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Based on interview, record review and review of the hospital's policy, it was determined the hospital failed to report a probable case of communicable disease to the appropriate Local and State Agencies. One (1) of three sampled patients, Patient #1, was identified as having probable Tuberculosis prior to discharge from the hospital and it was not reported to the Local or State Health Departments.

The findings include:

Review of the hospital's policy regarding Communicable Disease Reporting, dated 03/2013, revealed in accordance with the Kentucky State Department of Health Regulation, communicable diseases and occurrences must be reported to the Louisville Metro Department for Public Health and Wellness, Local Health Department, or Department for Public Health within specified time periods. The following diseases shall be reported to the Louisville Metro Health Department for Public Health and Wellness, Local Health Department, or Department for Public Health within one (1) business day of diagnosis: Tuberculosis and others.

Review of the record for Patient #1 revealed the hospital admitted the patient on 09/05/13 with complaints of weakness, cough, congestion and weight loss. Review of the record also revealed Patient #1 had a positive PPD (purified protein derivative test for Tuberculosis) during that admission with a subsequent bronchoscopy (procedure to look into the lungs and obtain bronchial washings) and the washings were sent to the laboratory for culture for Tuberculosis. Review of the nursing notes for Patient #1 revealed he/she was placed in respiratory isolation at onset of admission due to presenting with clinical signs and symptoms of Tuberculosis. Review of Patient #1's progress notes dated 09/08/13 revealed the PPD test was read as being ten (10) millimeters in induration indicating a positive test for Tuberculosis. The Director of the Infectious Disease Physician's Department was consulted during Patient #1's admission and that physician wrote the discharge prescriptions for four (4) Tuberculosis drugs for Patient #1. Further review of the discharge summary revealed Patient #1 was to follow-up with the the Public Health Department and was to wear a mask for at least a couple of weeks.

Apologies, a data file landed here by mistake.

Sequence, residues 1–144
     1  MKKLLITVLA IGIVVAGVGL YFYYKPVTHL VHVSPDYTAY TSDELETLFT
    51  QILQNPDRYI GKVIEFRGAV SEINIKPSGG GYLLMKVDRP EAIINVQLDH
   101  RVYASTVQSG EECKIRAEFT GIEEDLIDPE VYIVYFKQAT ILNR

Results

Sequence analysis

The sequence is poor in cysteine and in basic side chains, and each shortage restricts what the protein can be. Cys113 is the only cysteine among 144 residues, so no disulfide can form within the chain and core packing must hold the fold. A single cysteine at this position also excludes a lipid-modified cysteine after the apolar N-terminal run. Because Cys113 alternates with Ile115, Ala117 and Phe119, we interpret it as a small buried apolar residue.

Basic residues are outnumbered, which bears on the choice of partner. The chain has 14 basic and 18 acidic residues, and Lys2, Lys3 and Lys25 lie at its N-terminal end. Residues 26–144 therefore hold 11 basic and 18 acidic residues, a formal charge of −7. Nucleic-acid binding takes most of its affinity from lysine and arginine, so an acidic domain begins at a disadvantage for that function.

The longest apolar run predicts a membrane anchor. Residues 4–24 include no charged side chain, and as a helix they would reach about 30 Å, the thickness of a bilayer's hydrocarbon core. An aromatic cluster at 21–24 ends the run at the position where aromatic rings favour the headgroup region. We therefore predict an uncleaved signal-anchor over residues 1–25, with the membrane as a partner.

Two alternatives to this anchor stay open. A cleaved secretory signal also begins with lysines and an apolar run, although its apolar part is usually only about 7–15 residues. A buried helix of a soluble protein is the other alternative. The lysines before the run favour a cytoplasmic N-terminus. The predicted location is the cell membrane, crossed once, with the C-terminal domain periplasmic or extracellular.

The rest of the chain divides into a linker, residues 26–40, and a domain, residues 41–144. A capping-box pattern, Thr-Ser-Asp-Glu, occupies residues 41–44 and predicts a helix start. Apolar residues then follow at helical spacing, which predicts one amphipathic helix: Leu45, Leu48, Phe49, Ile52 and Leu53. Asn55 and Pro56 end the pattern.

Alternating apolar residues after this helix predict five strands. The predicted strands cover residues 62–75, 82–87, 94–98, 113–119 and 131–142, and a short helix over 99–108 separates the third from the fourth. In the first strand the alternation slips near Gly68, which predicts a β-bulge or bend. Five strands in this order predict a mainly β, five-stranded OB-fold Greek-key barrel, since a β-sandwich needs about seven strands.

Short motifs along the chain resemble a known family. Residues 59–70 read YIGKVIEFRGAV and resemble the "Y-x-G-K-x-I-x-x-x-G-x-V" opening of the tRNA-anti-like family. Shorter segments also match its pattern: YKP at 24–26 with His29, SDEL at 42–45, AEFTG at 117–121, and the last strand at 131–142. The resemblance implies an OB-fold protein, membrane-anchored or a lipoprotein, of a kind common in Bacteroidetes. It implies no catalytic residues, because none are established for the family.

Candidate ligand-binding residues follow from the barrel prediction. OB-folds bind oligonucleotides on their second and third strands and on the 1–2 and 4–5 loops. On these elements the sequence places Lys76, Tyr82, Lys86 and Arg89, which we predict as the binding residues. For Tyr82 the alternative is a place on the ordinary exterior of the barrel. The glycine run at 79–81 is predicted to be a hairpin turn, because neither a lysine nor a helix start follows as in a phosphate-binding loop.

Interview with Physician #1, on 10/01/13 at 11:00 AM, revealed he did consult on Patient #1 and he knew the patient had clinical signs and symptoms of active Tuberculosis, had a positive PPD, and a chest x-ray and chest CAT scan which were indicative of active Tuberculosis. He stated a definitive diagnosis of Tuberculosis could not be made until sputum/bronchial washing cultures were completed in six weeks. He indicated it was the practice of the facility to report cases of Tuberculosis which were confirmed by culture. He further stated it could be decided by clinical judgement to place a patient on anti-Tuberculosis medications based on patient symptoms until the culture for Tuberculosis was complete. He further indicated he had placed Patient #1 on the anti-Tuberculosis medications and in fact had written the discharge prescriptions.

Interview with the Infection Control/Surveillance Nurse #2, on 10/01/13 at 2:19 PM, revealed she would report a case of Tuberculosis to the Public Health Department when it was confirmed by laboratory culture. She indicated there had not been any active cases of Tuberculosis at the hospital since January 2013. She stated she had not known about the probable Tuberculosis diagnosis for Patient #1 as she had not received any positive culture reports. She further stated she would report to the Public Health Department when she was aware of a positive culture for Tuberculosis in a patient.

Interview with the Director of Quality and Accreditation, on 10/02/13 at 3:00 PM, revealed it was the practice of the hospital to report communicable diseases which had been confirmed by culture to the local Public Health Department. She stated the hospital had revised it's communicable disease reporting policy to report any probable cases of Tuberculosis and the hospital would discuss patients in a daily rounds meeting who might have a communicable disease to ensure timely reporting.